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Issue 227

Zanele Muholi on Photography as Social Practice

Jonathan Carver Moore speaks to the artist about building Black queer communities through art

BY Jonathan Carver Moore AND Zanele Muholi in Features , Interviews | 01 JUN 22

Jonathan Carver Moore I want to start off by asking you what life is like right now in Cape Town, where you live and work?

Zanele Muholi Life is full of challenges. I’m drained in this moment. But I invited this onto myself. I live next to the ocean, and morning walks by the beach keep me sane. I like the beauty of water and the colour of the waves. That's what keeps me going, the smell and sounds of the sea of Cape Town. And if I don’t walk, I lose it. But I’m surrounded by people that I like and love. And I’m doing important work – hectically – with several students that I am sponsoring to better their education or to advance their skills in photography, because I don’t want to be one of the only known Black, queer photographers in South Africa.

Zanele Muholi, Qiniso, The Sails, Durban, 2019, gelatin silver print. Courtesy: the artist; Yancey Richardson, New York; and Stevenson, Cape Town/Johannesburg

As art practitioners, we can encourage or support those who want to become the next generation of artists. So, I’m doing my philanthropy work. Giving to and being with the community is what keeps me sane in this country that is plagued by crime and where the youth are destitute. I think we, as artists, could make a difference, so that’s what I’m trying to do. I’m currently supporting 15 young artists financially, while also providing them with accommodation and equipment. I also work with ten students at the Kings Harvest Academy and six studying at the Market Photo Workshop. So far, I’ve supported more than 42 photography students and others, who are all doing very well with their projects.

JCM Do you consider your work – photography, painting, sculpture – a form of resistance?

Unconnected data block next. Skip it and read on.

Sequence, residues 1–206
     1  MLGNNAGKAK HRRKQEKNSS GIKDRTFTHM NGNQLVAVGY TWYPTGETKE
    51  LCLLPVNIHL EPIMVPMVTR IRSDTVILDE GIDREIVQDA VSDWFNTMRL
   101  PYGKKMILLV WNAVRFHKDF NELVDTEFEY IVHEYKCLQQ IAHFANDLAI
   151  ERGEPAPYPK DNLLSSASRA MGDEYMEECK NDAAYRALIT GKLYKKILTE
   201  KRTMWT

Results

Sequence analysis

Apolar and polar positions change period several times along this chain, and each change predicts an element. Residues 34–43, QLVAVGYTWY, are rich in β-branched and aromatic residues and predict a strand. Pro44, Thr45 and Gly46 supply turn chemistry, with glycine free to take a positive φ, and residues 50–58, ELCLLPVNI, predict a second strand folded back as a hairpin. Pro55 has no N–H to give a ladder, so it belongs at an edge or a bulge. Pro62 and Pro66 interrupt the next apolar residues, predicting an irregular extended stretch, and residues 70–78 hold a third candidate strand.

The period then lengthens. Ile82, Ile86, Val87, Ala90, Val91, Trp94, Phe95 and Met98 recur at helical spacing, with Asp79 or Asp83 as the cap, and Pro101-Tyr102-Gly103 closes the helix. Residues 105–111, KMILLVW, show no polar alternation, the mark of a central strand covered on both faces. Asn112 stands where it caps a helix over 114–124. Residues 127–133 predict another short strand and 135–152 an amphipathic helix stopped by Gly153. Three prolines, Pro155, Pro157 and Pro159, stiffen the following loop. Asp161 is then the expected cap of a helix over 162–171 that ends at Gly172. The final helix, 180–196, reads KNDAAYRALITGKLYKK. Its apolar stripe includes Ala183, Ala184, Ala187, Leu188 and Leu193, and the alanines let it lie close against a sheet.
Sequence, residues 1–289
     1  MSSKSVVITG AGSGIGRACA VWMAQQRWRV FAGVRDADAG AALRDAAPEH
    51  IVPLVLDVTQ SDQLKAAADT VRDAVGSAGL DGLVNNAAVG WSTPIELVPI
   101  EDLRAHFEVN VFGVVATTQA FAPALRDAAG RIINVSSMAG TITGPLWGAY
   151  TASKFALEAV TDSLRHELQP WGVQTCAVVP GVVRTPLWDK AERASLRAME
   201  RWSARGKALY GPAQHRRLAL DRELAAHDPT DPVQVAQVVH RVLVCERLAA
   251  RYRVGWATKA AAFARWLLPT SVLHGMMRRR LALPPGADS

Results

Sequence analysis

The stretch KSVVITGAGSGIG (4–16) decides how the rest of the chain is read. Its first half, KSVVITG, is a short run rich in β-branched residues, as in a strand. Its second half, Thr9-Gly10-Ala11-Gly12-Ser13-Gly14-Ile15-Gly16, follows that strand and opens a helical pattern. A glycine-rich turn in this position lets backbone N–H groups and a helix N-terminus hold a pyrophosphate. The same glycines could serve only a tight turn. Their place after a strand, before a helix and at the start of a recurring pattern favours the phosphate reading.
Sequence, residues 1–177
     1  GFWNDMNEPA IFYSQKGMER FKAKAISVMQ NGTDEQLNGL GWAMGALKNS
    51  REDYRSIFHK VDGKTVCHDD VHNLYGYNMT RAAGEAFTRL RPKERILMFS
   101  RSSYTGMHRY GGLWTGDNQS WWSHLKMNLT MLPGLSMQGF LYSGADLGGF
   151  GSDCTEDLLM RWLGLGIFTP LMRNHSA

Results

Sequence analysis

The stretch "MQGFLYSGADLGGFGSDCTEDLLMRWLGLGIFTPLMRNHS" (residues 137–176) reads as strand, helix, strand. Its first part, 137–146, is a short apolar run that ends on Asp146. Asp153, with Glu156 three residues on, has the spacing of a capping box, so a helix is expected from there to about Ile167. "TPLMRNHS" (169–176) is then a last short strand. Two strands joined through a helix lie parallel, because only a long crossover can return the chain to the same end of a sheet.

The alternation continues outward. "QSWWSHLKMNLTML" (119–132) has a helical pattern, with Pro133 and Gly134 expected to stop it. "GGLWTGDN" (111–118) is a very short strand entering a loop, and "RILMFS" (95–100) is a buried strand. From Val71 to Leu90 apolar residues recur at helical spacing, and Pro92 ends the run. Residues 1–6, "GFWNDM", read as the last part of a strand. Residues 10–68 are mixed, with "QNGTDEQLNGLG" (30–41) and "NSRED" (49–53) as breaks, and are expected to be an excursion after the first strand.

ZM All the time. All that is Black is substance. My work is quite political. I don’t just produce work for the sake of producing work. It has a lot to do with visibility, which bugs me all the time when I don’t see images of us [Black queer folks] in domestic interiors. When I see billboard ads selling products, I think of how much we blindly consume. So, resistance is the key word.

Zanele Muholi, Thathu I, The Sails, Durban, 2019, gelatin silver print. Courtesy: the artist; Yancey Richardson, New York; and Stevenson, Cape Town/Johannesburg

And I cannot bear not to speak about it; whatever we do should not go unnoticed because, as queer beings, there’s so much wealth that we share with the world. So much beauty. All of those things have to do with resistance, and that is present in my work.

JCM How do you think being Black adds to that, on top of being queer?

ZM It’s harsh in such a way that survival becomes something else. It becomes more about testimonies of survival. Being queer, being Black, being female-bodied is multilayered. And it is painful. It is stressful. It is risky. It compels me to work extra hard and become that voice for many who cannot speak for themselves. Oftentimes it hurts, because not everyone lives in your head – but still, you cannot dare give up. This whole thing is about visibility, respect, recognition and survival, which demands a high level of sanity.

Zanele Muholi, Zazi II, ISGM, Boston, 2019, gelatin silver print. Courtesy: the artist; Yancey Richardson, New York; and Stevenson, Cape Town/Johannesburg

JCM How important is it for you to own your voice? And how do you see that becoming a reality for others who may be afraid to step out and be themselves? To be Black, queer, female-bodied in a space where they’re not welcomed? What would you say to those people?